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Evolution, Fertility and the Ageing Population

Jason Collins

University of Western Australia - UWA Business School

Oliver J. Richards

Australian Treasury

December 29, 2014

We propose that the recent rise in the fertility rate in developed countries may be the beginning of a broad-based increase in fertility towards above-replacement levels. Environmental shocks that reduced fertility over the past 200 years changed the composition of fertility-related traits in the population and temporarily raised fertility heritability. As those with higher fertility are selected for, the 'high-fertility' genotypes are expected to come to dominate the population, causing the fertility rate to return to its pre-shock level. We show that even with relatively low levels of genetically based variation in fertility, there can be a rapid return to a high-fertility state, with recovery to above-replacement levels usually occurring within a few generations. In the longer term, this implies that the proportion of elderly in the population will be lower than projected, reducing the fiscal burden of ageing on developed world governments. However, the rise in the fertility rate increases the population size and proportion of dependent young, presenting other fiscal and policy challenges.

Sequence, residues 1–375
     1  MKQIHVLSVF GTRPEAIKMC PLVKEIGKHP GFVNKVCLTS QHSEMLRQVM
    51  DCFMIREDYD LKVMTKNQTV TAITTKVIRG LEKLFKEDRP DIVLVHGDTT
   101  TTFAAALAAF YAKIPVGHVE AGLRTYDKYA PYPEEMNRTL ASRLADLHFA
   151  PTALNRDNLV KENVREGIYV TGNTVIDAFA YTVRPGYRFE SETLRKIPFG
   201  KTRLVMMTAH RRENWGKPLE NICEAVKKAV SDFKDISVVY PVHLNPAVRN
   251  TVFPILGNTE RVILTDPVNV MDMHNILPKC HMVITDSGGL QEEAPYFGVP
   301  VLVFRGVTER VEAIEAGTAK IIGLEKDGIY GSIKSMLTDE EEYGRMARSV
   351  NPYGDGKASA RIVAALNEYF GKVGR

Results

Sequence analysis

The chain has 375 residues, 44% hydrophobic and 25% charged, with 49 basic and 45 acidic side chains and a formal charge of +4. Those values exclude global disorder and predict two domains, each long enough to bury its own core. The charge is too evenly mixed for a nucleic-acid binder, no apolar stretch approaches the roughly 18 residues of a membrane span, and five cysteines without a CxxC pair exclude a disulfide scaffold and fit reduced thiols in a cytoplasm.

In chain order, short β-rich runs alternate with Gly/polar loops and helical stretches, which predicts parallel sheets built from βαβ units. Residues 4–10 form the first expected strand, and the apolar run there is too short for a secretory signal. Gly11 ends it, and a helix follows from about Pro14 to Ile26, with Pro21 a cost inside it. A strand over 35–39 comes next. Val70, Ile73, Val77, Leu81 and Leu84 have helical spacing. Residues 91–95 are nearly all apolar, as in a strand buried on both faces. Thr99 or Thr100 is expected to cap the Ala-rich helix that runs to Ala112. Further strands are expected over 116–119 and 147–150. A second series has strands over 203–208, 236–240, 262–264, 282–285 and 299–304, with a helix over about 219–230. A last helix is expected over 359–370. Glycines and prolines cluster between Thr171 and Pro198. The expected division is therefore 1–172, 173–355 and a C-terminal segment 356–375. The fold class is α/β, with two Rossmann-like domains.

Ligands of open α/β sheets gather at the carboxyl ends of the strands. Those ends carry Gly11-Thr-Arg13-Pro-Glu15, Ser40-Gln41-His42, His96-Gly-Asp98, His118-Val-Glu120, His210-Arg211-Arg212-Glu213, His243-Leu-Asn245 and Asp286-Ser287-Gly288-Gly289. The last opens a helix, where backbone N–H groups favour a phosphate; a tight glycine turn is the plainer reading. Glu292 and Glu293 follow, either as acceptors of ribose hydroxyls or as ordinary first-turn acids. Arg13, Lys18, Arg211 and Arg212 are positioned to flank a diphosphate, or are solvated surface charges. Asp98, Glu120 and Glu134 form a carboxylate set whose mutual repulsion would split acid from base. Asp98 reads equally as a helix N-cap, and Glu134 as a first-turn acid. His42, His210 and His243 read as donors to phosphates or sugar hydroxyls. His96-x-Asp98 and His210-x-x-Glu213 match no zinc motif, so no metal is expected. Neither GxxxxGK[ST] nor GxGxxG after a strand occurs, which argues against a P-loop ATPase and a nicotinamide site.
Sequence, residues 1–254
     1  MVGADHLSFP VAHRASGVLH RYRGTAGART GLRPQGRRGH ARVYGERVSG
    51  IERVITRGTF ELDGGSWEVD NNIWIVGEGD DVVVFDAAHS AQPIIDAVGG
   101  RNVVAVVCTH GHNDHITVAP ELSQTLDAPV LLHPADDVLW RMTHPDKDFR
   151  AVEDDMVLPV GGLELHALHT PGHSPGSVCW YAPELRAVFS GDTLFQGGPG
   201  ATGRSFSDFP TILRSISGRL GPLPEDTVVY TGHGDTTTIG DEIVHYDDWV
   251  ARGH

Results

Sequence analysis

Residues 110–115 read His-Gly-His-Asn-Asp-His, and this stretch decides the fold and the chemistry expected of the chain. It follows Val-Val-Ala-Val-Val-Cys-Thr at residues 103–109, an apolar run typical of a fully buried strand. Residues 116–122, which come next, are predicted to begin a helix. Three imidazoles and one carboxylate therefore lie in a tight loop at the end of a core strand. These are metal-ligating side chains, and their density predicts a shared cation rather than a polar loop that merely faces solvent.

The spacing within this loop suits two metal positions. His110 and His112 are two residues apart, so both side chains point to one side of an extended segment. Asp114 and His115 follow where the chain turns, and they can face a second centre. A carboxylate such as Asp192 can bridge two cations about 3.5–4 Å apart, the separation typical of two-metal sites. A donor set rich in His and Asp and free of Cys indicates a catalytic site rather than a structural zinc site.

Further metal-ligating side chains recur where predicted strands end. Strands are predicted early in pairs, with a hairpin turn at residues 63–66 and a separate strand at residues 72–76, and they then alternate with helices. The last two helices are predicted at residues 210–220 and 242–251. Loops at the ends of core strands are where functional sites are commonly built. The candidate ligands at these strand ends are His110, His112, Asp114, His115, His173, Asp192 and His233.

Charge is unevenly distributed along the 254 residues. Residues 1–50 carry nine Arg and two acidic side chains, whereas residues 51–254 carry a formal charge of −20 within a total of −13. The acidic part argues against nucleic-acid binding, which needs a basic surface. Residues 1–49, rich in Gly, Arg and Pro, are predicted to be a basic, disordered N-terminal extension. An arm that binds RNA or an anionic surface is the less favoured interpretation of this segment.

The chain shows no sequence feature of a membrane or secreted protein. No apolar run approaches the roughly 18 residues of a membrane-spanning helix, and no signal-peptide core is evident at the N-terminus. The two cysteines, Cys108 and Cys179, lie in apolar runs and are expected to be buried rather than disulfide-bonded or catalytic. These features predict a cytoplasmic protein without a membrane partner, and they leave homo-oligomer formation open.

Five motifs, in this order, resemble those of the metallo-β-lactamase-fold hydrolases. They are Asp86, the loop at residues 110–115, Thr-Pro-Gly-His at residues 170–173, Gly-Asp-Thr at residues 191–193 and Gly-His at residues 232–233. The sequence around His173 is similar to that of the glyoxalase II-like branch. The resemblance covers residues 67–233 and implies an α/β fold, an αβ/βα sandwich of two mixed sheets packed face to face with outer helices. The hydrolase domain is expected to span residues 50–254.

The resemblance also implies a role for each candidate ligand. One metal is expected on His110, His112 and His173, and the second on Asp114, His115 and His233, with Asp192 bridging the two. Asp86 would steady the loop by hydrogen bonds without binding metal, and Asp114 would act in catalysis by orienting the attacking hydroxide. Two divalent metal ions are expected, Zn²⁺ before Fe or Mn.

Number of Pages in PDF File: 53

Keywords: fertility, human evolution, ageing population, population growth

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Date posted: January 30, 2013 ; Last revised: January 4, 2015

Suggested Citation

Collins, Jason and Richards, Oliver J., Evolution, Fertility and the Ageing Population (December 29, 2014). Available at SSRN: http://ssrn.com/abstract=2208886 or http://dx.doi.org/10.2139/ssrn.2208886

Contact Information

Jason Collins (Contact Author)
University of Western Australia - UWA Business School ( email )
Crawley, Western Australia 6009
Oliver J. Richards
Australian Treasury ( email )
Canberra, ACT 2600
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